"I'd never heard a word about any committee, and told him so. Personally I think that was a pretense. He was the type who's always butting in, trying to tell you how to do everything. He would talk on and on, giving you advice you never asked for. He did that with everyone."

"He sure left in a hurry."

"Guy's probably halfway back to North Dakota by now. Another one lived in my apartment--we're up on the fourth floor, the penthouse suite, we call it--an OCD type who tried to appoint himself our cleaning dictator. Typed up a hundred-page schedule with detailed orders about everything we were supposed to break our backs scrubbing and polishing, and even a checkoff sheet he expected us to use, without mentioning any of this to us first. We ignored it. By the time he fled the state to move back in with his parents, he looked (and smelled) only a little better than that man back at the parking lot. Guys like that," Rick cleaned his glasses on his shirt, "never seem to last long."

"Is that so."

They headed over a bridge, crossing a river graced with white swans, and uphill past the First Baptist Church in America ("founded by Roger Williams himself, in 1638," Rick said). A hike down Benefit Street brought them to the John Brown house.

* * *

"This," Steven said, "is what you wanted to show me?"

Rick had led Steven around to the side, allowed his brother to pay admission for both, and ushered him into a small room with a long, narrow display case like an open coffin covered over with glass.

"It's the famous root."

It was five to six feet long. Twisting, gnarled, it split into two branches on the way down, curling up at the ends in a way that curiously resembled feet. Steven appraised it up and down as he had done his brother. "Well."

"It's from an apple tree, centuries old. This grew over Roger Williams' grave. You know who he was, right?"

"He founded this city."

"He was part of the Massachusetts Bay colony until he ran afoul of the Puritans. Went against their grain. Among other things, he believed land should be purchased, not just taken, from the natives. The Puritans were going to ship him back to England to stand trial, so he fled into the wilderness like Moses. Williams started a new colony, an independent colony, and named it Providence.'"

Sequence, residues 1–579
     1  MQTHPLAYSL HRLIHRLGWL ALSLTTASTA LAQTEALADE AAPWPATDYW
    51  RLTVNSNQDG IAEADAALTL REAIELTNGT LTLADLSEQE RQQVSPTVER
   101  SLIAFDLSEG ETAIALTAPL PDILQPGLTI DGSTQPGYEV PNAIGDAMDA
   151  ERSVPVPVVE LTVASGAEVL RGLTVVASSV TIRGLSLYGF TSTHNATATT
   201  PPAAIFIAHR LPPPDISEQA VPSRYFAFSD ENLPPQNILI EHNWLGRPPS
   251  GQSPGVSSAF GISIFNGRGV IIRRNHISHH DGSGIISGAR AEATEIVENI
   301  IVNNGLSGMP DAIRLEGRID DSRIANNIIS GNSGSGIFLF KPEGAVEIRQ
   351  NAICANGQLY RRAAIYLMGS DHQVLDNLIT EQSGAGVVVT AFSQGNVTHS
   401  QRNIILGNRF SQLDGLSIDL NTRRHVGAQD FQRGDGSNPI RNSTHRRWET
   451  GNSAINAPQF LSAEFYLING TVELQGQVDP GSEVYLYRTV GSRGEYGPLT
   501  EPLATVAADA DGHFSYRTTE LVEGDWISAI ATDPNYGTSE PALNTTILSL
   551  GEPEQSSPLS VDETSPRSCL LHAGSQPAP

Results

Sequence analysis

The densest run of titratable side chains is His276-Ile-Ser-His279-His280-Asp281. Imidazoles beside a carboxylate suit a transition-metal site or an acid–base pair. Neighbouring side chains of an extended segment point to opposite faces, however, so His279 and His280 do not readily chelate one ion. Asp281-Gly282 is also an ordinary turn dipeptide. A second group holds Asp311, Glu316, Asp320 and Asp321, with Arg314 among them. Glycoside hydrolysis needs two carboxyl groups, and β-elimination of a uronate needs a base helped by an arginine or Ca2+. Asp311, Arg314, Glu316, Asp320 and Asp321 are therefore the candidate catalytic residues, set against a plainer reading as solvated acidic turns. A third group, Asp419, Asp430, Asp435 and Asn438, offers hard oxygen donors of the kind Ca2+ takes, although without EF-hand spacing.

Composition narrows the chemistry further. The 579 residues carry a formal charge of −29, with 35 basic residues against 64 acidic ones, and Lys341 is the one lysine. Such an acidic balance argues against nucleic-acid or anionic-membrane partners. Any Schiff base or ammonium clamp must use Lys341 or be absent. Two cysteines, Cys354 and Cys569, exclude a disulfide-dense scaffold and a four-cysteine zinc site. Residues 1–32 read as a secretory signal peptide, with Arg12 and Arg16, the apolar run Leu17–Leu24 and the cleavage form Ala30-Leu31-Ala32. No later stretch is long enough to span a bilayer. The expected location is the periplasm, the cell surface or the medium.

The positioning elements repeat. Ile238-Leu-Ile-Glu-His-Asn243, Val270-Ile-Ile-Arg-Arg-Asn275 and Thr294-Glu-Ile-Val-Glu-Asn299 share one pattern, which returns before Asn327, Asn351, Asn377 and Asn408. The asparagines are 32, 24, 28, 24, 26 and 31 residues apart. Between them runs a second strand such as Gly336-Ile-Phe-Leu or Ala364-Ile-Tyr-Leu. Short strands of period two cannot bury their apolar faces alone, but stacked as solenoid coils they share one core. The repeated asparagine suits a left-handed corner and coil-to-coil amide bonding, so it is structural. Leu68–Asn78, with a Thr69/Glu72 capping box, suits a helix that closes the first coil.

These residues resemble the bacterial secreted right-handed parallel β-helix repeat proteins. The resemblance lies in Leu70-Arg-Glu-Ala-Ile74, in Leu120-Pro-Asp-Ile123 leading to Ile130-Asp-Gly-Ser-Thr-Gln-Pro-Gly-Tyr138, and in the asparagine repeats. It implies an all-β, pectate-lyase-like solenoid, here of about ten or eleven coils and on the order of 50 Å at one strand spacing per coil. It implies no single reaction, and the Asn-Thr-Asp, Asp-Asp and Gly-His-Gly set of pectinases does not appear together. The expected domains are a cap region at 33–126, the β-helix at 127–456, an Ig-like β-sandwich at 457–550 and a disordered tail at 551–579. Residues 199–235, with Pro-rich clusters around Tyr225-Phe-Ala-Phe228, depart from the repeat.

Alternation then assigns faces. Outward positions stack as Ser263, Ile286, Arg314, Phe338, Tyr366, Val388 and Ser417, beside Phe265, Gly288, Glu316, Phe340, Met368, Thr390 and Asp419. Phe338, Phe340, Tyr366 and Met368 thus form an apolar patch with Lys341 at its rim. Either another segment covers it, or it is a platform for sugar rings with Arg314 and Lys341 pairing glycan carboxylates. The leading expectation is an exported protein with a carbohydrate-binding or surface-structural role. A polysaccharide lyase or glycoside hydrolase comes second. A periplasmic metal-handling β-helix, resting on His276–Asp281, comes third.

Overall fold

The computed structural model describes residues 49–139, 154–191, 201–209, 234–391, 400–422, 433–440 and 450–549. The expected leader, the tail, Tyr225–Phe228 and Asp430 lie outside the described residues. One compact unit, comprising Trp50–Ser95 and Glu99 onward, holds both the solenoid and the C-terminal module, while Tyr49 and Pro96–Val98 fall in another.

"All right."

"After two hundred years, they decided to move his remains to a proper memorial. But when they dug down, they only found greasy dirt and this root. It was as if the tree absorbed him up into itself, and in turn diffused him into the air--trees generate oxygen, you know--as well as sprouting fruit and scattering seeds. And those grew up into more apple trees over the years, and still more as the years became decades and the decades centuries, spreading out over this state."

"Spreading what out, Rick?"

"His spirit."

Silence.

"Not his ghost or anything! But you can see it in history. People breathed it in, drank it in the water. Did you know this was the first colony to dump King George? Rhode Island declared her independence two months before John Hancock signed that document. And when it was time for the Constitutional Convention, this was the only state that refused to participate. Also the last to ratify the Constitution, and only after a Bill of Rights was added."

"Really."

"And did you see the State House, out past the mall? That statue on top, holding the staff? That's called Independent Man.

"So have you gotten the idea yet, Steven? Different kinds of people react...differently."

Something about Rick unsettled Steven again. When he saw it he realized he'd been hoping not to see it, not even knowing what "it" was. He watched his brother take a last bite of the apple, go to the window and throw the core out instead of dropping it in the room's wastebasket. And then Steven realized. No tension--that was it. Rick was entirely too relaxed. This man was nothing if not high-strung, and it had always been that way.